Mother as a Creator is a staggering series 21 years in the making exploring the relationship between creativity, motherhood and culture.

A selection of the series is currently at the Daegu Photography Biennale in South Korea as well as showing at London’s Huxley-Parlour from now until mid-October.

The series begins in October 2000. The Taiwanese artist is studying for a PhD in fine art at the University of Brighton but is meanwhile pregnant with her first child. Every few years, she takes a photograph – candidly lit, black and white, neutral facial expression – documenting the passing of time as her son grows from foetus to teenager. In each one, the previous portrait can be seen on the wall behind, a time vortex bearing a reminder of the person that came before. The series provides the answer to the question “would I be able to prove that it was difficult or even possible to be an artist during motherhood?” 

In order to ask this question with nuance and authenticity, Wang brilliantly addresses gendered expectations of Taiwanese women, the depiction of motherhood and what it means, and what is or what is not a suitable subject in Western academic art.

It’s easy to take this project for granted through a modern lens. Today, in social media culture, images of diverse motherhood are plastered everywhere, some more authentically (take Ashley Graham) and some perhaps less authentically (we all remember that awkward photo of Emily Ratjakowski holding her red-faced baby). Wang’s project is ahead of its time. Not only in the depiction of motherhood but in its questioning, especially from the perspective of a woman of colour. 

Female pregnant bodies – again, now visible – were a taboo topic. Almost thirty years ago, it was Demi Moore’s pregnant Vanity Fair cover that changed the game and stirred fury worldwide. The pregnant female body was not to be sexualised and this has roots in the problematic imagery of Western organised religion. 

The beginning of this photographic journey sees Wang focus her PhD studies on motherhood from an autobiographical perspective. Battling morning sickness and general feelings of weakness, she remembers getting through her first year by “sheer willpower,” all while tending to her gradually-building research. One day, while experiencing a bout of morning sickness so bad she describes it as “unendurable”, Annie received some infuriating feedback which would prove pivotal to the direction of the work. The feedback was ironically delivered by a respected British artist who was also a mother and seriously questioned Annie’s choice of subject and “considered that this autobiographical project was not worth researching, particularly at PhD level”. 

Annie lost her confidence in turn, and though it took a while, she eventually found a supervisor who supported her unique point of view and the beauty of the subject that she was experiencing so acutely. With this new supervisor, Dr. Chris Mullen, Annie was able to plunge headfirst into the tangled threads of identity. She unpicked the myth of the selfless Taiwanese mother, comparing it to the fullness and the complexity of the artist self, and how indeed the two could be mutually intertwined.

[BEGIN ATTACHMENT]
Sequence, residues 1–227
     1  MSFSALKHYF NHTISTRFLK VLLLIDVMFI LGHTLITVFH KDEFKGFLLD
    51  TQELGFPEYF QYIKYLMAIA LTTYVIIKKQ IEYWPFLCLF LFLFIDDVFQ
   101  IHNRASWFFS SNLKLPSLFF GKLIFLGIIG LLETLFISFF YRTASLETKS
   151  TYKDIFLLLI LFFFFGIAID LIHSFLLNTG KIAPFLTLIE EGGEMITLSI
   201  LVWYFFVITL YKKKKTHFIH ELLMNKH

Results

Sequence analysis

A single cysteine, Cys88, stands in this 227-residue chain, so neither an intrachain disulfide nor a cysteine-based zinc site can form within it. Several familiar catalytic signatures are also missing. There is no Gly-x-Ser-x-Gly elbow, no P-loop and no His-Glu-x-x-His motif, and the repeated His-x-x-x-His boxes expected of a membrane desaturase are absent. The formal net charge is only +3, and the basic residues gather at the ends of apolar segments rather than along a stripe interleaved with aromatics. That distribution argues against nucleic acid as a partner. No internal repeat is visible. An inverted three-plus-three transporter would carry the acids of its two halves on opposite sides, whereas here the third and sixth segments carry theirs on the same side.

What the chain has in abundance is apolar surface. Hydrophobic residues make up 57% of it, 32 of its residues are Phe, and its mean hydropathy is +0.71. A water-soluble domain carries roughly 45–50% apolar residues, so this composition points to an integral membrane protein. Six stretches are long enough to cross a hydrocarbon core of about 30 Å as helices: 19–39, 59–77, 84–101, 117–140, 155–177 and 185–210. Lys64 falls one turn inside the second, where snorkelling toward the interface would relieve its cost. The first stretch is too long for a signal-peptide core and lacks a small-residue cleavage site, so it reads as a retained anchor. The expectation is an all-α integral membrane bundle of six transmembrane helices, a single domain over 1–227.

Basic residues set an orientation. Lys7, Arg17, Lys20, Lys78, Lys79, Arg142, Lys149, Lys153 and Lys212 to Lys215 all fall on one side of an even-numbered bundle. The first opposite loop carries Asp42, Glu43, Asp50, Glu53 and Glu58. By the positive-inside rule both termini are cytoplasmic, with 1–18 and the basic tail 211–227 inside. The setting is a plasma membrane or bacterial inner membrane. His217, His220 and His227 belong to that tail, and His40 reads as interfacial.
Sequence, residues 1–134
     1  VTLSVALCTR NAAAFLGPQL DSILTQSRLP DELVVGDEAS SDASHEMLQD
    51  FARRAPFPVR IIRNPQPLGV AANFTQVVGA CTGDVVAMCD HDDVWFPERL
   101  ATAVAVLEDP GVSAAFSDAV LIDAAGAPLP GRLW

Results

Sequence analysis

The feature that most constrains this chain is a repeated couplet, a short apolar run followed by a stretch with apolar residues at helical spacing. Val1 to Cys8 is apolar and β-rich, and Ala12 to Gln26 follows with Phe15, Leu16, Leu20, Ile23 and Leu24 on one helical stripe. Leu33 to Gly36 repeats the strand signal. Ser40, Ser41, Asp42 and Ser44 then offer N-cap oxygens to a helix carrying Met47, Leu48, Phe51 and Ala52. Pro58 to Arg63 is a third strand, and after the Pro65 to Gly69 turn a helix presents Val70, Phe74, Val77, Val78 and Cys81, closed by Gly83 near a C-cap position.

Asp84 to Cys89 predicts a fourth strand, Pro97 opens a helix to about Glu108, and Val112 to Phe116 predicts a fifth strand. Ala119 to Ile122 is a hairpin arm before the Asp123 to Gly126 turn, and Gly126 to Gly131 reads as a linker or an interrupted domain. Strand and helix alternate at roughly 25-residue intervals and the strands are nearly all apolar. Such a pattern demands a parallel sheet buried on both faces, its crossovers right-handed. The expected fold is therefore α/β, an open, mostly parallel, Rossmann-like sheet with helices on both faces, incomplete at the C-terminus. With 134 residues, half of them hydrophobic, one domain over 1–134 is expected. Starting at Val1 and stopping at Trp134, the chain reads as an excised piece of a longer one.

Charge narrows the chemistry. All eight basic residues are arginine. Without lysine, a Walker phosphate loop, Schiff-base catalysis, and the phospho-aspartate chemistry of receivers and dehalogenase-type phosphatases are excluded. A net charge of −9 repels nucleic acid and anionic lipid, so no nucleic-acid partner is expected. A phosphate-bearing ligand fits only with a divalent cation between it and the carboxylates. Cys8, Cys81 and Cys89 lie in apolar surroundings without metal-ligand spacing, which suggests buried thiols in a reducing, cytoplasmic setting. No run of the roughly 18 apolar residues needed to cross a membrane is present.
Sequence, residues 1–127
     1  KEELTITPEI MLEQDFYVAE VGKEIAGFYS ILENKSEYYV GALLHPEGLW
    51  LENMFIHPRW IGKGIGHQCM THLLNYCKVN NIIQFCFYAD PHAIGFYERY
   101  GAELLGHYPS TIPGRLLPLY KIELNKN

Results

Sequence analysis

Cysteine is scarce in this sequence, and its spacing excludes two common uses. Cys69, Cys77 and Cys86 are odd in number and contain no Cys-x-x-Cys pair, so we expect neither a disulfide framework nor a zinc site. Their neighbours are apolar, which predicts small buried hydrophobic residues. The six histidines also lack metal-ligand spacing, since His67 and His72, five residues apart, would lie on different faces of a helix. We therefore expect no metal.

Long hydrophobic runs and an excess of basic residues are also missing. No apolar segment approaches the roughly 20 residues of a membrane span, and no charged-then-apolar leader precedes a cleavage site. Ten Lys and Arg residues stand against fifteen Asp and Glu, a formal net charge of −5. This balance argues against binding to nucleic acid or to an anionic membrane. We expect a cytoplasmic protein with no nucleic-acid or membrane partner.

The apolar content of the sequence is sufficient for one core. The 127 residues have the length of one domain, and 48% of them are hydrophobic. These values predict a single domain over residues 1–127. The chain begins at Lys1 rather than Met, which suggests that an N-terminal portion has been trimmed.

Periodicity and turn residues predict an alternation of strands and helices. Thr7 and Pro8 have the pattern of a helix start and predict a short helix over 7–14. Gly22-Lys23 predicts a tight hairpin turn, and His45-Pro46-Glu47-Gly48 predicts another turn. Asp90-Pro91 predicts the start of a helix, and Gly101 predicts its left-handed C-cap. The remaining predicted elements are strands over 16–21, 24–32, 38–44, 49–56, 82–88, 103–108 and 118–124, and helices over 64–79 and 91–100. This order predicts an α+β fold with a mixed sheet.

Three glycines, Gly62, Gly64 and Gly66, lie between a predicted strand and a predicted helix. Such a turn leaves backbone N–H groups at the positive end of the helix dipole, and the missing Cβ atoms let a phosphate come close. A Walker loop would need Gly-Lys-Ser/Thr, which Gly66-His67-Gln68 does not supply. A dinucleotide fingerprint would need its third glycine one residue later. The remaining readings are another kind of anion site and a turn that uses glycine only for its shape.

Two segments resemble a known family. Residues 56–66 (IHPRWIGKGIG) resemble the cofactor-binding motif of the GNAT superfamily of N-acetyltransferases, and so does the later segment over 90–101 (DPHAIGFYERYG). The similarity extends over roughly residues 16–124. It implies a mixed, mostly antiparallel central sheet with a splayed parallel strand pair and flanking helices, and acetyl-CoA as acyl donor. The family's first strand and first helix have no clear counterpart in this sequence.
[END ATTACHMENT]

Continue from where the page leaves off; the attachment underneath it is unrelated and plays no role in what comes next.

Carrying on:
Beyond the biological definition of motherhood, she also looks to the idea of a mother in traditional Taiwanese culture. In Chinese, the word “mother” is closely connected with sacrifice and “signifies an ability to consider other people as a priority.” Annie also nods to the proverb: “Honey is sweet, a kitten is soft, a mother is sacrificial”; another indication as to what is collectively expected of mothers. In Annie’s research, she cites Dr Carin Rubenstien who wrote: “That only by meeting this standard can [mothers] be applauded by society.” In her notable publication The Sacrificial Mother, the professor of psychology perceived this as a kind of cultural suppression where mothers learnt sacrifice was a good thing while viewing themselves as important was wrong. 

In the face of pregnancy and the pressures of an academic institution, Annie spectacularly explored how she might maintain a sense of artistic and personal autonomy as a mother. While much of her reading posed a societally backward struggle ahead of her, she found light in an unstoppable force of creativity which was only enhanced in motherhood. She found resonance with Adrienne Rich, the American feminist poet and essayist, who made a distinction between motherhood as an experience and motherhood as an institution.

Another beautiful feature of the series is the autonomy dominated not only by Annie but by her child.  As the series progresses, we see a child grow from an unborn baby to a fully grown young man in just a few clicks. The foreground is littered with objects that provide a glimpse into the mother and son’s wider lives. We see toys, Christmas trees, painting rollers, record players and books come and go with the years, building a bigger picture of the interests that come into play as an artist makes her way in the world while her son discovers language, music, drawing, eventually leaving home to find his own path in life like his mother before him.

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